There aren't many broadcasters like Buck and Kalas left...they are relics of a more permanent era, when people really did have one job for 50 years and couldn't be happier about it. (And back when people listened to the radio, the one station they could get, only if they happened to be on a hill.) That doesn't happen anymore, in any field. The people who have been doing this for so long, whether they're a broadcaster, or a newsman, or just the guy who does your taxes, are the last of their breed. We are a transient society, constantly moving, looking for the next thing, never sitting still for too long. There isn't much constancy. This makes for a more vibrant, exciting life. (Theoretically, anyway.) But it also casts darkness on all our institutions: When nothing lasts for too long, those things have lost value. We appreciate them more ... but we find ourselves mourning them less when they're gone. There's always something else.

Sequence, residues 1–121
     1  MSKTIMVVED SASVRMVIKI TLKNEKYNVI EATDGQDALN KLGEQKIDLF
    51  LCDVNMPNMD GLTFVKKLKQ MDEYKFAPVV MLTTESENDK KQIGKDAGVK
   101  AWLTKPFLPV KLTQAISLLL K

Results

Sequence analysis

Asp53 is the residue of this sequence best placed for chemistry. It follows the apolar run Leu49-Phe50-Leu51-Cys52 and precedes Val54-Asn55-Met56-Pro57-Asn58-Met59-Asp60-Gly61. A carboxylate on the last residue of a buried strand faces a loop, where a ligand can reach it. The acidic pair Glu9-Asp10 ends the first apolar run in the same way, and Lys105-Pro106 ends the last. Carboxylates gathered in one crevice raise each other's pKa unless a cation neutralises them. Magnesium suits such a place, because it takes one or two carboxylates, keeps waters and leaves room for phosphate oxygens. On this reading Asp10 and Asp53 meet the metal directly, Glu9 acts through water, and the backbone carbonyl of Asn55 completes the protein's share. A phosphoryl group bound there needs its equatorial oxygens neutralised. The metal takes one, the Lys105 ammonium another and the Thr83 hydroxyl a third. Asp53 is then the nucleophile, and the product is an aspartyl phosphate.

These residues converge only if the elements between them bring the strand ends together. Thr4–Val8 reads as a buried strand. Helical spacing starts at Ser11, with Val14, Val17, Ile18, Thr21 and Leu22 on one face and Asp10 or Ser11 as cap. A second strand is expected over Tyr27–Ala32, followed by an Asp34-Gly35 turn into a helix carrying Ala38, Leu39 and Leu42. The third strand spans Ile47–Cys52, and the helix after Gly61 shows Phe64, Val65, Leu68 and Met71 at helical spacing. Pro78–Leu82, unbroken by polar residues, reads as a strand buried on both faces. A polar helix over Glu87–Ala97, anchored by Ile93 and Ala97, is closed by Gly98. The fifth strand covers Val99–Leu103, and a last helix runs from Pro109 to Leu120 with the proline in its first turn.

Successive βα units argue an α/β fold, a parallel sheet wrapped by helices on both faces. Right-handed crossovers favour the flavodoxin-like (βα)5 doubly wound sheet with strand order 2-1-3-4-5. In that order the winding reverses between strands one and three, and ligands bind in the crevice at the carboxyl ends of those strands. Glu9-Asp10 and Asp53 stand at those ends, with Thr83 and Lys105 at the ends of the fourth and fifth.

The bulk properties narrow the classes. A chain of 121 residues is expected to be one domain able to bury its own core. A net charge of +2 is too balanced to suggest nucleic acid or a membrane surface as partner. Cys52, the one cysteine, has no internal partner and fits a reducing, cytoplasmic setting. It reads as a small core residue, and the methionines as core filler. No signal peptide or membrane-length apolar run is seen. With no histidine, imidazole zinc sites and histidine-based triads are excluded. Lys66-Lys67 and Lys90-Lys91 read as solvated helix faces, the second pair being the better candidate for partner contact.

I think Leitch is right. I see that in our congregation - dozens of households (usually young families) have come and gone in the past six years. Lots of new faces around the church; and many familiar ones are gone. Perhaps this is just the way of things for Xers and Millennials. If so, what does this mean for the church - one of the oldest "institutions" in history. Will it exist two generations from now? If so, what will it look like?